Although the record in this case lacks any justifiable reason for the delay, the record is also devoid of facts regarding whether and to what extent the defendant suffered actual prejudice as a result of the delay. The defendant posits that, because he was convicted solely on the words of his two accusers, the four and one-half year delay deprived him of the opportunity to find witnesses to challenge the credibility of S and J and to have his own expert examine S and J at the time of their accusations. There is, however, no testimony or other evidence, nor factual findings by the trial court, indicating that the defendant attempted to locate witnesses and was unsuccessful in doing so. Nor has the defendant established that an independent examination of S and J would have been permitted. The record simply does not contain a sufficient underlying set of facts for us to assess whether the defendant suffered actual prejudice as a result of Mullin's delay in seeking an arrest warrant. See State v. Hampton, 293 Conn. 435, 441-44, 978 A.2d 1089 (2009) (record inadequate to review claim that detective incorrectly advised defendant regarding Miranda11 rights where record did not contain factual findings regarding alleged incorrect statement or impact statement may have had on defendant's understanding of Miranda rights).
The defendant argues that the record is adequate for review because Mullin was questioned by defense counsel regarding the reasons for the delay and was given the opportunity, on numerous occasions, to explain why he waited until July, 2005, to seek an arrest warrant. We agree that Mullin's testimony offers no reason for the delay. Indeed, he expressly declined to offer any reason or justification for the delay.12 Mullin's testimony does not, however, remedy the void in the record with regard to whether the defendant suffered actual prejudice as a result of the delay-a hurdle the defendant must overcome to succeed in his due process claim. State v. Littlejohn, 199 Conn. 631, 646, 508 A.2d 1376 (1986). Accordingly, we conclude that the record is inadequate for review of the defendant's claim and that it therefore fails the first prong of Golding.
The defendant next claims that the court improperly instructed the jury that it “must not base [its] findings as to whether or not a particular fact has been proved on the number of witnesses who testified in support of or against it․ Quality counts. Quantity does not.” Specifically, the defendant claims that the instruction improperly prohibited the jury from considering a relevant factor in its evaluation of witness credibility in violation of his constitutional right to a fair trial pursuant to fourteenth amendment to the United States constitution.13 The defendant further maintains that there is a reasonable possibility that the challenged instruction misled the jury and that, because credibility was a central issue at trial, the state cannot establish that the instruction was harmless. The state argues that the defendant is not entitled to Golding review because the challenged instruction involves the jury's assessment of credibility and, therefore, is not of constitutional dimension. The state also argues that the instruction, when taken as a whole, properly guided the jury regarding its assessment of the combined value of the testimony of multiple witnesses as well as the credibility of an individual witness.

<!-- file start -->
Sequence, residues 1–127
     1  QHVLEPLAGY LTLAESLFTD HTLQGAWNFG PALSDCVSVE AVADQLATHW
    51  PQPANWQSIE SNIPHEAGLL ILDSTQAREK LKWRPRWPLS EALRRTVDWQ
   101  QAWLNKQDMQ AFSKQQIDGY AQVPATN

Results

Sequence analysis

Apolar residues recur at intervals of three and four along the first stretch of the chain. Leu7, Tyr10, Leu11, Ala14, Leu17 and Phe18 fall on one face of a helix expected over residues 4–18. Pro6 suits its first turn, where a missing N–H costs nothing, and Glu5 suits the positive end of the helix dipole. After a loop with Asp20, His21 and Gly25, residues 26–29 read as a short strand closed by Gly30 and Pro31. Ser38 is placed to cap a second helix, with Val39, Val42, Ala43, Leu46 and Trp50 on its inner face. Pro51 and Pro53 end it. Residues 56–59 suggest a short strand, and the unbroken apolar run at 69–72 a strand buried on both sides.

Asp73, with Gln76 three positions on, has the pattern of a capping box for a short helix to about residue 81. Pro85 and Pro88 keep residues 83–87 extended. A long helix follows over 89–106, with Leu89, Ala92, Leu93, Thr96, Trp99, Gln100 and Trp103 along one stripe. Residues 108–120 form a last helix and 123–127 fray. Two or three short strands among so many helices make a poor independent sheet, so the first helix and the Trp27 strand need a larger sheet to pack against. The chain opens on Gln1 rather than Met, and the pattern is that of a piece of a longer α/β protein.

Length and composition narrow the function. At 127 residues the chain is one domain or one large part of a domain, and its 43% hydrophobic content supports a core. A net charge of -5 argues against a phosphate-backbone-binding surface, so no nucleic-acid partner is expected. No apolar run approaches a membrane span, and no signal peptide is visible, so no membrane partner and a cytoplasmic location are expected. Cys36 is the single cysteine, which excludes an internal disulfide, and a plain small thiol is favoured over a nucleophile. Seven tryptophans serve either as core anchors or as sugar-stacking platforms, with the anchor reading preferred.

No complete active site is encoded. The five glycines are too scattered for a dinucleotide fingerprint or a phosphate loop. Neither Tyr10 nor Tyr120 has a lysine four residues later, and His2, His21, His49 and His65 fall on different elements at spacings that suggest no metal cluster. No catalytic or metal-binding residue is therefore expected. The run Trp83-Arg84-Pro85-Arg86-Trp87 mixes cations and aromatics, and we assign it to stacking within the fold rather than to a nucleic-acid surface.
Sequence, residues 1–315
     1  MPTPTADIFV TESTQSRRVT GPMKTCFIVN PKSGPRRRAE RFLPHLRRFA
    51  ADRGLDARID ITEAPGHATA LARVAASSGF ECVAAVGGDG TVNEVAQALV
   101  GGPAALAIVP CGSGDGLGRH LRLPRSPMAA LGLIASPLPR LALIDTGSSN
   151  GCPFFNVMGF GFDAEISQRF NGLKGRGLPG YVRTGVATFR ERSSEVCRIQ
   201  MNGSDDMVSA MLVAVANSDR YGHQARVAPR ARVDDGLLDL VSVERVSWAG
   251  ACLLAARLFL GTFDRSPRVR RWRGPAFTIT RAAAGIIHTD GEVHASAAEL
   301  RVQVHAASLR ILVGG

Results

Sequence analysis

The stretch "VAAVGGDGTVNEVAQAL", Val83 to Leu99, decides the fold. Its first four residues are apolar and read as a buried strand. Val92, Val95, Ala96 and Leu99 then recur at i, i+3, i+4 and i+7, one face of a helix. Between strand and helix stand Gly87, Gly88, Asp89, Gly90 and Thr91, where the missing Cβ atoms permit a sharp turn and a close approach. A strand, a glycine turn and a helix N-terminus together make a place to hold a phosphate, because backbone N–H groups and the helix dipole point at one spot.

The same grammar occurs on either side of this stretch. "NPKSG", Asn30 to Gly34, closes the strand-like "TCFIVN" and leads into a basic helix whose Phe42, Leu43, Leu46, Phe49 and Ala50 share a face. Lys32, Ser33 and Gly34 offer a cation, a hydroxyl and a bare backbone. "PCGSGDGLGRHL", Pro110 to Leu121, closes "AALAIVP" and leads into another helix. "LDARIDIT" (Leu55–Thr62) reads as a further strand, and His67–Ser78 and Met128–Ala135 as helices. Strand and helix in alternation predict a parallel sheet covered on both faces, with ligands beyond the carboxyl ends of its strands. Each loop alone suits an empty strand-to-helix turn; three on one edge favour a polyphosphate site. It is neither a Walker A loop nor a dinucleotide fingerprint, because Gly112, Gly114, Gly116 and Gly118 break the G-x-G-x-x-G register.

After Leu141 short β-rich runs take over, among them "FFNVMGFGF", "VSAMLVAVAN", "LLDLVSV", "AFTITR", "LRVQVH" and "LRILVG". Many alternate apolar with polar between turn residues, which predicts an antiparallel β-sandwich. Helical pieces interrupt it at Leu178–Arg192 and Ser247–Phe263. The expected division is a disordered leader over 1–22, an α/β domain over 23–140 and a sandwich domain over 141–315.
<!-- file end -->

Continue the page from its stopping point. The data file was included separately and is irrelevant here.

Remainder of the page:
The defendant acknowledges that he did not object to the challenged instruction at trial and, accordingly, he seeks review under State v. Golding, supra, 213 Conn. at 233, and the plain error doctrine. See Practice Book § 60-5. The defendant has satisfied the first prong of Golding because the record is adequate for our review.14 State v. Golding, supra, at 239. Turning to the second prong of Golding, which requires that the claim is of constitutional dimension; id.; we examine the challenged instruction, which reads as follows: “[Y]ou must not base findings as to whether or not a particular fact has been proved on the number of witnesses who testified in support of or against it, the length of their testimony, or the quantity of other evidence presented with respect to it. Quality counts. Quantity does not.”